Green coffee sorting tables in Tanzania

The next step in my coffee journey brought me into the coffee trade, where I spent 2 years as a junior trader with Volcafe’s operation in Kenya, called Taylor Winch. At the time, I was considering a couple of different career moves, some more financially rewarding than others, but ultimately, I chose to begin learning the trade because I felt it really helped to deepen the breadth of my experience and understanding of coffee. The decision still stemmed back to those conversations in the alley, trying to better understand the magical process of turning this hard, green seed into a brew that could instantly bring a smile to people’s faces and brighten their day. 

I spent the next 5 years working with Volcafe both in Kenya, and then back in the US at Volcafe Specialty where I am today. This broadened my understanding of the trade by having a working knowledge of the processes it takes to procure and export coffee as well as the factors that impact the cost to the roaster from an importing perspective. As things go, the more I understood about the production and trade of coffee, the more I realized there were so many factors of the industry I still knew fairly little about. 

That led to my next move, where I left Volcafe and took a job with the National DCP (Dunkin’s purchasing cooperative), where I was responsible for buying all of the coffee and tea for Dunkin’s 9600+ stores. I remember growing up as a kid in New Jersey, and my dad drank Dunkin’ every day. Other memories as I grew older, working as a lifeguard at the community pool, every morning heading to Dunkin’ before opening the pool, and ordering a large iced French vanilla latte. Don’t judge me 😃 And now, I was going to be responsible for sourcing all of that coffee. Little did I know how much more I would be doing. My first months were spent learning and understanding the various contracts we had with several of the nation’s greatest toll roasting operators. Not only was I learning about the contracts, and developing relationships with our roasting partners, but simultaneously I had to begin negotiating new versions of the contracts. Talk about jumping into the deep end with both feet…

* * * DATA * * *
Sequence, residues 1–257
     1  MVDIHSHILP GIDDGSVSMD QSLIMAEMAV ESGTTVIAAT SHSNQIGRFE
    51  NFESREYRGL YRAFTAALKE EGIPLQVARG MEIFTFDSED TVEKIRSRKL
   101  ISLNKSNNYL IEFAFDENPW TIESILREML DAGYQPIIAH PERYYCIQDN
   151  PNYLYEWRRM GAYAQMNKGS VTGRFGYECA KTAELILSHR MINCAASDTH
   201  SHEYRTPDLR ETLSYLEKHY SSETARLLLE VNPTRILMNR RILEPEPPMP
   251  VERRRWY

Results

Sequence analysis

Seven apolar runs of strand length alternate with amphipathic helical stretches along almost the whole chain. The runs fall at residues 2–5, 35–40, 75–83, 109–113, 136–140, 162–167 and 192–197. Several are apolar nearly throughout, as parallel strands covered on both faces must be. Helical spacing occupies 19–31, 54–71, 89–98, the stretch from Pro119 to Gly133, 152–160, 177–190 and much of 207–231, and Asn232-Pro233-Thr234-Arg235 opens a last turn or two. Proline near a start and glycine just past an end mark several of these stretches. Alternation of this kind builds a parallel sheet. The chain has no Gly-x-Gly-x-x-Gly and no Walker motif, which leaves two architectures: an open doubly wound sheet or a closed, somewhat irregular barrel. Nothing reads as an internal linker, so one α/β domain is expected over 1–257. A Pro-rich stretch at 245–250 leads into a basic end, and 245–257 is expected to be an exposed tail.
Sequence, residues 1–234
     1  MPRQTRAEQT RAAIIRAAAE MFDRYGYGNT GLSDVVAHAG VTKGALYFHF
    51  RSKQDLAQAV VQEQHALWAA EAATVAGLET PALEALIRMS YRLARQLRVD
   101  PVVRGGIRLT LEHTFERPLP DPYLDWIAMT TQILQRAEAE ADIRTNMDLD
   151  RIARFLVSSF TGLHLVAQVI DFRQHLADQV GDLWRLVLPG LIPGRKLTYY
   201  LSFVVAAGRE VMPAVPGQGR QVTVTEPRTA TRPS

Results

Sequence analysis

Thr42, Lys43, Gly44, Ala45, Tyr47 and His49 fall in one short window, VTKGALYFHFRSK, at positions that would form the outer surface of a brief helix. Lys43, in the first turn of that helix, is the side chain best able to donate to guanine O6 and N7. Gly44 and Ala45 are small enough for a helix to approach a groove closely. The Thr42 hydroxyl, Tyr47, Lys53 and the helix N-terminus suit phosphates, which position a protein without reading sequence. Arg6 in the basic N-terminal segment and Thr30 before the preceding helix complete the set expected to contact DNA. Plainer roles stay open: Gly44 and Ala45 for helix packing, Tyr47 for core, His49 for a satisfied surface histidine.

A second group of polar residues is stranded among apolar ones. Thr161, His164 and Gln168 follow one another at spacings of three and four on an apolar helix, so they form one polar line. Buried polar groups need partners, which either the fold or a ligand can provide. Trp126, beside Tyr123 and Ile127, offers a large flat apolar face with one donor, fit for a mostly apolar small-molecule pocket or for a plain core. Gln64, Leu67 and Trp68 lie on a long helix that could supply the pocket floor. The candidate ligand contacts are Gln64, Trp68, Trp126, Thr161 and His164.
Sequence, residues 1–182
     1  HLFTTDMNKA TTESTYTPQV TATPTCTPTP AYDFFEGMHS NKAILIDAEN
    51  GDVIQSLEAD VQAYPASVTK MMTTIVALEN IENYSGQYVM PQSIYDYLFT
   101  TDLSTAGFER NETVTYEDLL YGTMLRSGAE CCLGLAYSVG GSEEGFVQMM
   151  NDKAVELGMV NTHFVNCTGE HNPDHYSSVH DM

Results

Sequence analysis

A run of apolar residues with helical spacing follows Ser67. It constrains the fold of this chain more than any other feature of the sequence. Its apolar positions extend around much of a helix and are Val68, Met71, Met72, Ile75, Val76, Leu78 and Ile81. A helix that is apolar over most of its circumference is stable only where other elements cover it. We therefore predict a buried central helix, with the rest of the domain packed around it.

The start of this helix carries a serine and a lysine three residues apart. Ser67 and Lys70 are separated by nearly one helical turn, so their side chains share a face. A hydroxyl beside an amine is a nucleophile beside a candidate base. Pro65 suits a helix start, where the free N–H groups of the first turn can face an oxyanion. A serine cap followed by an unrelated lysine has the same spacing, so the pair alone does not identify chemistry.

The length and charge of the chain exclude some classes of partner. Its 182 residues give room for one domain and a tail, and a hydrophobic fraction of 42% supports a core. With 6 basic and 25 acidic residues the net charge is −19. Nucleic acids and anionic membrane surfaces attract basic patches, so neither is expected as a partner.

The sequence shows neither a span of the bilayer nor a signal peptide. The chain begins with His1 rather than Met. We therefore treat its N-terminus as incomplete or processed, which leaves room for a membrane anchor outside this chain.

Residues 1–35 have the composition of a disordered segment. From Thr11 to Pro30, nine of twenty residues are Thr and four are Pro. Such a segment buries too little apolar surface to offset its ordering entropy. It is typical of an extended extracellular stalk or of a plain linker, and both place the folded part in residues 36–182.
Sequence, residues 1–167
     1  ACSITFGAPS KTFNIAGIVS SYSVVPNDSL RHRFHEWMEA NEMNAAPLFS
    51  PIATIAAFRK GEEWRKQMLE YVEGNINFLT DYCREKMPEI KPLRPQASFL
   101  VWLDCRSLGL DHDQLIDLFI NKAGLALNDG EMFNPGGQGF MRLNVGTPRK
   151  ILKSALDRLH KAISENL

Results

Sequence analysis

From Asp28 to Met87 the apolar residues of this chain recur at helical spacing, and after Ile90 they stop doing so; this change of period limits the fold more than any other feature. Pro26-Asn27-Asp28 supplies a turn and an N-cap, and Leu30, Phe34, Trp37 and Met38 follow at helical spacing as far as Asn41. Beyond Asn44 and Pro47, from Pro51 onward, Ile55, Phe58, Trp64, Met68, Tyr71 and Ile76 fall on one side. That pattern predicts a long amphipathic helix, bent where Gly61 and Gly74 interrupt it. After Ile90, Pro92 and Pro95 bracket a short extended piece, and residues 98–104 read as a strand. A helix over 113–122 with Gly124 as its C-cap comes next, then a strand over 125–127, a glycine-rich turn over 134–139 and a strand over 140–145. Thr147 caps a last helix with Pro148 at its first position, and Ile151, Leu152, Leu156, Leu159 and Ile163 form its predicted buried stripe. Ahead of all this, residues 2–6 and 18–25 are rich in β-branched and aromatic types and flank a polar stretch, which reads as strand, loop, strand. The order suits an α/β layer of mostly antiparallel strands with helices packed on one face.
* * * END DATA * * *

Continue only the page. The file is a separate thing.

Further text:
I was part of the Dunkin’ strategic supply chain for three and a half years. My understanding of the process of turning that green bean brown expanded in ways I never would have imagined. Together with the Dunkin’ team, we became one of the largest supporters of coffee genetic research in the world overnight, through our commitment to supporting World Coffee Research. We deepened our connections in the supply chain through annual meetings with all participants, from producers to exporters, importers, roasters, and Dunkin’ Brands in Costa Rica, with the support of Sintercafe. We launched a brewed in-store Cold Brew program that was more successful than we could have imagined. 

cupping coffee at RWACOF

Then in 2019, Volcafe Specialty reached out to me, asking me if I would be interested in coming back to the green side of the business and helping in developing the team along with the relationships with roasters. Today, I am the General Manager of our business in the US and work with my team to continue to grow and develop the strategic partnerships we have with roasters of all sizes across North America. It’s been a wild ride the last few years, stepping back into the trade months before a global pandemic changed our world forever. Today, as we all know, we continue to deal with the lingering effects of Covid; the global logistics quagmire, imbalanced supply and demand, market inversions, runaway inflation, and the rapidly increasing interest rates imparted as a means to try and slow it down while trying to not trigger a recession. Back into the deep end! 

What does a typical day in the life look like for you these days? Or is “typical” itself a misnomer? 

Typical may be a stretch, but my days are typically spent supporting my team and our partners. That could mean Teams or Zoom calls with clients looking at implementing responsible sourcing strategies. These could be calls about how to find alternatives to coffees that seem to be stuck in various transshipment ports around the world. Often, I am speaking with our traffic and logistics team, proactively finding solutions to prevent the previously mentioned conversations. I spend more and more time with our Finance team. Not sure many folks outside of the green side of things realize just how much of a financial facilitation role the trade plays, but that tends to be a big part of the day. I try to start my day, every day, with a cup of coffee before I get things going though. Some days it could be me making a pour-over with my Kalita wave, a v-60, or a Chemex. Other days, after dropping my son off at school, I’ll stop by one of the many local coffee shops in my area. Either way, this helps center me back in the passion for coffee…